Contractor Talk - Professional Construction and Remodeling Forum banner

1 - 20 of 50 Posts

·
Registered
Joined
·
1,038 Posts
Discussion Starter · #1 ·
I've been building a large extension on my home that's turning into a life long project .My sparkies installed a couple of main lug sub panels throughout the extension and existing home .They installed the breakers a couple of weeks ago and fired up the panels and checked to make sure everything was in working order . So everything looks good and I'm finally excited to begin rocking . My sparkies show up Saturday morning and start pulling out a few breakers from the panels and replace them with arc fault breakers that cost $30 ea. If I remember correctly they said I need about 35 of these breakers .I walked away without asking them why. My question is shouldn't they have known about this from the beginning and installed them from day one .I'm also assuming that they are required by code , but when did they become code and why ?
 

·
Capra Aegagrus
Remodeler
Joined
·
24,937 Posts
Yeah, they should have known (and probably did). The idea is that electrical arcs can obviously start fires, so there should be a lot less electrical fires with arc-faults in place. Been code since at least '08.

Arc-faults can be a little eccentric at times, popping when there's not really any problem--though they've gotten better than in years past. The sparkies may have just wanted to establish a baseline before installing 'em.

Yeah, they do hurt the wallet...
 

·
Registered
Joined
·
1,038 Posts
Discussion Starter · #3 ·
Yeah, they should have known (and probably did). The idea is that electrical arcs can obviously start fires, so there should be a lot less electrical fires with arc-faults in place. Been code since at least '08.

Arc-faults can be a little eccentric at times, popping when there's not really any problem--though they've gotten better than in years past. The sparkies may have just wanted to establish a baseline before installing 'em.

Yeah, they do hurt the wallet...
Why is it that they aren't replacing all of them and just a few in each panel ?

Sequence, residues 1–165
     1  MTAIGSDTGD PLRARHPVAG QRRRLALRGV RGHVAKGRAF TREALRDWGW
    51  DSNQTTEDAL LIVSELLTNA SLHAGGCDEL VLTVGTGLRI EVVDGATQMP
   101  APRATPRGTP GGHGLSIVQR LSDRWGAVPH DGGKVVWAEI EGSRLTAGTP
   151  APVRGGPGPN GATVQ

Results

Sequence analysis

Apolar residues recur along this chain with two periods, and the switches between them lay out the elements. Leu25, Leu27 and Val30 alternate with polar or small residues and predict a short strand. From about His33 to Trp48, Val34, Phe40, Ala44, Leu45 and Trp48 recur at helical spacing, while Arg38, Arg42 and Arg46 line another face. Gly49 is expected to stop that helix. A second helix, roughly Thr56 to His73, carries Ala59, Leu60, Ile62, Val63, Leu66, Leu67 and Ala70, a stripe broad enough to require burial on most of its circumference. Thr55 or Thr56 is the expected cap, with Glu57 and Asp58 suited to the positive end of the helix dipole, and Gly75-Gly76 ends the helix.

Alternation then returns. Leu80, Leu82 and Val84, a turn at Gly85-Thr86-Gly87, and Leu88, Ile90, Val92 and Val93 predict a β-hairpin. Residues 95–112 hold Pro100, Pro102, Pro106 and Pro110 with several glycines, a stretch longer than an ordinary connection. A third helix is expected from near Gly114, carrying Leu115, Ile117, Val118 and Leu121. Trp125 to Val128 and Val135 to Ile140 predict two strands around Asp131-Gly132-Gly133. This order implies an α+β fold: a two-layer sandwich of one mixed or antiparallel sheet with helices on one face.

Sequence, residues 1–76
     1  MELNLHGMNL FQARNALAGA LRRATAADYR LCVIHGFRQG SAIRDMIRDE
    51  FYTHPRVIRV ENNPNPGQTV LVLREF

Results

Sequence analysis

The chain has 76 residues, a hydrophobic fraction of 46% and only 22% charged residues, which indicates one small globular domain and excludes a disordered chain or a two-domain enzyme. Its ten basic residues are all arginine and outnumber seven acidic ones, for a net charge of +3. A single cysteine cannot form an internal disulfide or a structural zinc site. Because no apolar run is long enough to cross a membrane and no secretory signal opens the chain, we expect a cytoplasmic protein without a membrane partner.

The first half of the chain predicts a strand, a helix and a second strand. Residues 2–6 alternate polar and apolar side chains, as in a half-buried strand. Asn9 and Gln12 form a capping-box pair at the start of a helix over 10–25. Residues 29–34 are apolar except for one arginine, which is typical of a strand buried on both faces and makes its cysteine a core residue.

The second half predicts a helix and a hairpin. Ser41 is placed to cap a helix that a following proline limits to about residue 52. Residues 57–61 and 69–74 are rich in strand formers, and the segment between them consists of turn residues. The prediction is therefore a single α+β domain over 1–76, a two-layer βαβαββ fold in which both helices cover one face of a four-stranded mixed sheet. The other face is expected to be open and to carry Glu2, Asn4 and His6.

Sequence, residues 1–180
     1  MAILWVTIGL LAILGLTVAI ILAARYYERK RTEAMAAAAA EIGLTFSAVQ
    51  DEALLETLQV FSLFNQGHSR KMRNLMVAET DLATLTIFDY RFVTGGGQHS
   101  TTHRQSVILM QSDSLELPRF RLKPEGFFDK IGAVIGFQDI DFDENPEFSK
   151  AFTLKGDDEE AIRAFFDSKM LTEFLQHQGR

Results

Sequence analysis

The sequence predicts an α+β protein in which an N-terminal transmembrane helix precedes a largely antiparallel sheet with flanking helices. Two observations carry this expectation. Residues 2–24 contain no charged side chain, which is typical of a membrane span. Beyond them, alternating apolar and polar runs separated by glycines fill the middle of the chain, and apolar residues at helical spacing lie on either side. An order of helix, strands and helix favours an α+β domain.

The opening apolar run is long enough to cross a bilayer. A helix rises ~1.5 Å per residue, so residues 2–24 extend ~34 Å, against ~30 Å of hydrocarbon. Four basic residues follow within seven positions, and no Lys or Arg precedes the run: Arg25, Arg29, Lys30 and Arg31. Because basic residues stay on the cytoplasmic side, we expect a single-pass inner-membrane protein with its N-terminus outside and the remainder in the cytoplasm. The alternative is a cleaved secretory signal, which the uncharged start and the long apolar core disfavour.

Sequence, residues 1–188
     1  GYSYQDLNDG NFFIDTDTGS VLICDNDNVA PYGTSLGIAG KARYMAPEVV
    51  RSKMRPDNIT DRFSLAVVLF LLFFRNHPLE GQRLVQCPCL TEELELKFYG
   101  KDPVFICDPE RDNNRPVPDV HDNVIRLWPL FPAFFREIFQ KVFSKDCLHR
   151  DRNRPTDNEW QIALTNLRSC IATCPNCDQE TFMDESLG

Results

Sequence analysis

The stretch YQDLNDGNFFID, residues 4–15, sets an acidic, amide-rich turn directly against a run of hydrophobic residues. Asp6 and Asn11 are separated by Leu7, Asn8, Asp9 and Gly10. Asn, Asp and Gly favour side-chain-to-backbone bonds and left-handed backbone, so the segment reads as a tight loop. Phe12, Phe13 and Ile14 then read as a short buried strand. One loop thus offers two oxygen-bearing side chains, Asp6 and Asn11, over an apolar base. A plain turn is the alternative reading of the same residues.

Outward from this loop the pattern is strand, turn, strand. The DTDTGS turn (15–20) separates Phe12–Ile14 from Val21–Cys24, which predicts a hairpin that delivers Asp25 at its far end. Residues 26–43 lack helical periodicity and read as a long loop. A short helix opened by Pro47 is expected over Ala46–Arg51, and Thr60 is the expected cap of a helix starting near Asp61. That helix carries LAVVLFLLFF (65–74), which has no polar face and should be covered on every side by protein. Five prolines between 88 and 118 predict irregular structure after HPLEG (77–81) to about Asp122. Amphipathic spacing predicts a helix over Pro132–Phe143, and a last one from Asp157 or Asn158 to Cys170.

·
Capra Aegagrus
Remodeler
Joined
·
24,937 Posts
Why is it that they aren't replacing all of them and just a few in each panel ?
'08 code requires them in:

family rooms, dining rooms, living rooms, parlors, libraries, dens, bedrooms, sunrooms, recreation rooms, closets, hallways, or similar rooms or areas
Believe it or not, that still allows for a couple of places you don't have to have them. :laughing:

Not required in kitchen and bath (though GFCIs are), and a few other places. Though I'm sure they'd love to have 'em everywhere. :rolleyes:
 

·
Registered
Joined
·
12,902 Posts
From the description of the time frame, you may have gotten caught in a code transition.

The old one does not apply because no final inspection has been done. You need to comply with the code in force at the time of the inspection.

I would never install an AFI main.

Tom
 

·
I'm a Mac
Joined
·
5,487 Posts
Eaglei said:
Good question , lets see what the sparkies have to say . I have one 200 amp main and five sub panels .
You realize I'm kidding I hope. I have enough trouble fixing the time twice a year on the microwave, I can't imagine every time the arc fault pops doing that, a few alarm clocks, etc and then to fumble around to the basement to find the damn panel
 

·
Registered
Joined
·
8,043 Posts
I had some trouble with tripping when they first came out. For the most part haven't had any trouble with them in several years.

Have never heard of 35 in a house though, I have the same question as speedy - just how big is this house?
 

·
Contractor of the Month
Joined
·
26,075 Posts
I had some trouble with tripping when they first came out. For the most part haven't had any trouble with them in several years.

Have never heard of 35 in a house though, I have the same question as speedy - just how big is this house?
Agreed the ones that came out at first were crap.
 

·
Registered
Remodel
Joined
·
29,585 Posts
Arc fault breakers catch a couple of problems.

One could be something like a nail shot into a wire - when the conductor gets too flaky, the arc fault should trip (if under load). I know of one development outside of Dallas that had wiring 1/2" from the stud edge (all the same builder, and I'm betting all the same inspector). Two houses burned from this problem.

The other would be something like a faulty appliance or connection to an outlet. I've seen new expensive refrs have problems popping the arc fault, but you could plug a table saw in and it would be fine.

FWIW, I looked at a circuit diagram for an arc fault breaker, and it's actually pretty complex.
 

·
Registered
Joined
·
12,902 Posts
Each AFI will cost about about $1.00 a year to "run" in my area. They all draw a slight amount of current continually.

Tom
 

·
Registered
Joined
·
2,213 Posts
Seriously.... Whata ya got there..... with 35 arc fault protected branch circuits.... a whorehouse with high amp vibrators in every bedroom?

Is this a misprint or a joke.

I didn't even know you could obtain a main arc fault... and even less why you'd want that apart from mere cost.... and I agree with everyone else.... where is someone even finding them at $30.

Something is strange/screwy here.... Just my tentative guess/opinion.
 
1 - 20 of 50 Posts
Top